Last Sunday, President Donald Trump criticized Mexico again. And the neighboring country replied — by offering support.
President Donald Trump said Tuesday in Phoenix his administration will probably end up terminating NAFTA. But, at the same time, other prominent Arizonans were arriving in Mexico City to pursue the opposite.
Interior Secretary Ryan Zinke says none of the 27 monuments under review should be eliminated but a “handful” should be changed.
The Department of State has updated its travel warnings to Mexico, and some tourist attractions and the neighboring state of Sonora made it onto the list.
The first round of renegotiations of the North American Free Trade Agreement (NAFTA) ended last week in Washington, D.C., and Canada, Mexico and the United States committed to coming up with a revised treaty quickly.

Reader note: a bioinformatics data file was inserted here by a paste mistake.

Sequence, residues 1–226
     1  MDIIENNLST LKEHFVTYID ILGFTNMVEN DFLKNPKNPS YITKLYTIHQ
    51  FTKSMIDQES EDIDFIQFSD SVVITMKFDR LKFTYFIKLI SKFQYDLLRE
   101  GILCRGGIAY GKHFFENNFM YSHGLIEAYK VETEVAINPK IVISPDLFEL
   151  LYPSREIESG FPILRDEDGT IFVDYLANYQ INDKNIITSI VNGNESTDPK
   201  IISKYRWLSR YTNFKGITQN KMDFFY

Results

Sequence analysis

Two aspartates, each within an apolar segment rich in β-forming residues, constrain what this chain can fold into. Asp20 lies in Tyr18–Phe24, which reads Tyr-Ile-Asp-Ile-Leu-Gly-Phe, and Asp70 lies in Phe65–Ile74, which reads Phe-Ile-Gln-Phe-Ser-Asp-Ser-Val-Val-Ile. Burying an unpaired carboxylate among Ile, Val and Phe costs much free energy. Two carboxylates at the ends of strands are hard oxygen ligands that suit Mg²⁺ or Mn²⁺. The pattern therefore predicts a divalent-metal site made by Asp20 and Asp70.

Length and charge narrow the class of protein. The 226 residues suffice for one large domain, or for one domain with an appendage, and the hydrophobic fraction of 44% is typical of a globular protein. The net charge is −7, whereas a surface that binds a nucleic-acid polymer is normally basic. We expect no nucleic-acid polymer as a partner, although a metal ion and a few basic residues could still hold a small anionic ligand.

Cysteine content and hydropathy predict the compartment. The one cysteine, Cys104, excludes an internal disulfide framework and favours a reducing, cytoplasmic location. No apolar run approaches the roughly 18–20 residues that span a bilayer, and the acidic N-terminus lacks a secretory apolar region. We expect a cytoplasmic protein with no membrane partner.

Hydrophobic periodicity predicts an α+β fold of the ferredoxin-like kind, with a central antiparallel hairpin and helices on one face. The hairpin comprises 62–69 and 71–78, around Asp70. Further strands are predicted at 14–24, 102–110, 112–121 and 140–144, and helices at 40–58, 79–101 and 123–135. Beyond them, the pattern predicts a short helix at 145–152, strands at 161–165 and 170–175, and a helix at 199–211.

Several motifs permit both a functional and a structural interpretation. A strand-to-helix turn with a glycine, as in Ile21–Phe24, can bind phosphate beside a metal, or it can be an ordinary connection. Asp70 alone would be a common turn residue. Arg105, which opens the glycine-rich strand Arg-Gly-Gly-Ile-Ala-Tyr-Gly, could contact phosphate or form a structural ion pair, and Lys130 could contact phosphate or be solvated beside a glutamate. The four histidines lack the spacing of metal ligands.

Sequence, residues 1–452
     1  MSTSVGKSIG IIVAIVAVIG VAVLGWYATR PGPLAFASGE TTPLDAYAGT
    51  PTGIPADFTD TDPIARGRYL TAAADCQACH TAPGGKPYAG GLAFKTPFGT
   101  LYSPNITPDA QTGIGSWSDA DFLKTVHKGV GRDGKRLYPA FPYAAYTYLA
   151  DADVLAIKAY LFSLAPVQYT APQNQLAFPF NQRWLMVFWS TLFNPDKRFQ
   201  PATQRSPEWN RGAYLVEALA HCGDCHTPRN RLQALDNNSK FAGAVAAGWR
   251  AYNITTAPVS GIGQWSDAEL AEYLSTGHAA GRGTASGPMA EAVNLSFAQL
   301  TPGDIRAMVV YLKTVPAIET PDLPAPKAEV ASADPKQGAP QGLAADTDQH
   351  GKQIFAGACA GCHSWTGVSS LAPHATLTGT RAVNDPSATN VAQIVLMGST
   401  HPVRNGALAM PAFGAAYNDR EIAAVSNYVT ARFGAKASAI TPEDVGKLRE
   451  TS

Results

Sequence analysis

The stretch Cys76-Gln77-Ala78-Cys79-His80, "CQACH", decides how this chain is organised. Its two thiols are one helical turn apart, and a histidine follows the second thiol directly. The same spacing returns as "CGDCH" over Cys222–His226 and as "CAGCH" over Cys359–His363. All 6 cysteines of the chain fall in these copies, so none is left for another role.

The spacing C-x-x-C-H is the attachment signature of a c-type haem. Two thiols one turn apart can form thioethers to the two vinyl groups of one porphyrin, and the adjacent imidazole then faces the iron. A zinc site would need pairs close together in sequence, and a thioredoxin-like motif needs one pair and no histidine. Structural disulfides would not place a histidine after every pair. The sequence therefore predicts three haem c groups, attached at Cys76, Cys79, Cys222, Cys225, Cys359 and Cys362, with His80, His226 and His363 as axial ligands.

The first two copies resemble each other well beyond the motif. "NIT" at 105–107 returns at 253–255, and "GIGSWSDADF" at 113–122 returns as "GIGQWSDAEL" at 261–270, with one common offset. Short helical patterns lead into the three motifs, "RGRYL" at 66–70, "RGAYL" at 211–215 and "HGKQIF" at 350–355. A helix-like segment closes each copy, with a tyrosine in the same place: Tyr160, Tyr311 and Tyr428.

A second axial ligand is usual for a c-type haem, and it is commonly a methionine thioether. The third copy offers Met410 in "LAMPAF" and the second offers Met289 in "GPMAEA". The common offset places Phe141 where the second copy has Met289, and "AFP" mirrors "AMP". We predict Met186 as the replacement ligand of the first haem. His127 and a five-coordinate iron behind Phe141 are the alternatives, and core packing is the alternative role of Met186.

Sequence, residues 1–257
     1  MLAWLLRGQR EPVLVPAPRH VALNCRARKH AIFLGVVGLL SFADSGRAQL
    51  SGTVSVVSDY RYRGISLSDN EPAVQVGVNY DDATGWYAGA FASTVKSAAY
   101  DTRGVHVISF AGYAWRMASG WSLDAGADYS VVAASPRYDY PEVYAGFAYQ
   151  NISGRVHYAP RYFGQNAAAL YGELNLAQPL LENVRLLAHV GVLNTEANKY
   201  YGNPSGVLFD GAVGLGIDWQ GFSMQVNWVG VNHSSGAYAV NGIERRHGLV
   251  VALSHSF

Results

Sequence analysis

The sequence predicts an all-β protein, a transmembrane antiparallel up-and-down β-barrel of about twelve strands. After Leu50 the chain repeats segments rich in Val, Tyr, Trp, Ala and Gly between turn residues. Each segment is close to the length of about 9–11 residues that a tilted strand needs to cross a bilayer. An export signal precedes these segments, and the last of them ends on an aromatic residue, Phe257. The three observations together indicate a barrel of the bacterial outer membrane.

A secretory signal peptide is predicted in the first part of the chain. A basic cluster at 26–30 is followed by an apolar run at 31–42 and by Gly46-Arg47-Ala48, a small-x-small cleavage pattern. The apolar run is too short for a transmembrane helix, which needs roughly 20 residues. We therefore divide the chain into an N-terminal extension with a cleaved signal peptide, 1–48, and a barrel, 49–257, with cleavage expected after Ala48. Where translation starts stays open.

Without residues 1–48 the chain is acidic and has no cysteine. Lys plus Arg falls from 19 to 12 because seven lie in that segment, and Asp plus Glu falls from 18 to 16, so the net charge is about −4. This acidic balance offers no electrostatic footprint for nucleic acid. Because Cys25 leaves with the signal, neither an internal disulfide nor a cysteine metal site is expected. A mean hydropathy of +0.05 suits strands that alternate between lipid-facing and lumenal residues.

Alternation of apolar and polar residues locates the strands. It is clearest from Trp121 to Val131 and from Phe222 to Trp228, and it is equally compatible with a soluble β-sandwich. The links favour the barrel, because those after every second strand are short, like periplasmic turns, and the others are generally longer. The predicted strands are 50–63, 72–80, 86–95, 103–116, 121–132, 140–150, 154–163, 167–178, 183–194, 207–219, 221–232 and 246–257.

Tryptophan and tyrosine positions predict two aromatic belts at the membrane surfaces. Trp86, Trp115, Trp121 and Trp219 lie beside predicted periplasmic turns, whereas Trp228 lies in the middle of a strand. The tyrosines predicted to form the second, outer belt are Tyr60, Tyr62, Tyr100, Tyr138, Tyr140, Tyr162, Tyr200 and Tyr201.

Four months ago, the Trump Administration announced a hardening of immigration law enforcement that seeks to punish people who try even one time to cross the border illegally. It’s a return to one of the most severe forms of deterring immigrants from making that crossing.
U.S. trade representative Robert Lighthizer said in opening remarks that NAFTA "has failed" Americans as a result of trade deficits. Some clash with that view, while others partially agree.
Business leaders are bracing ahead of the trade negotiations beginning Wednesday between the U.S. and its North American neighbors.
Hundreds of people marched through downtown Tucson Sunday afternoon in protest of a white nationalist march that turned deadly.
A Texas business alliance supported by the Mexican government is lobbying to protect its interests at the free trade agreement negotiations, and they hope states like Arizona will follow their lead.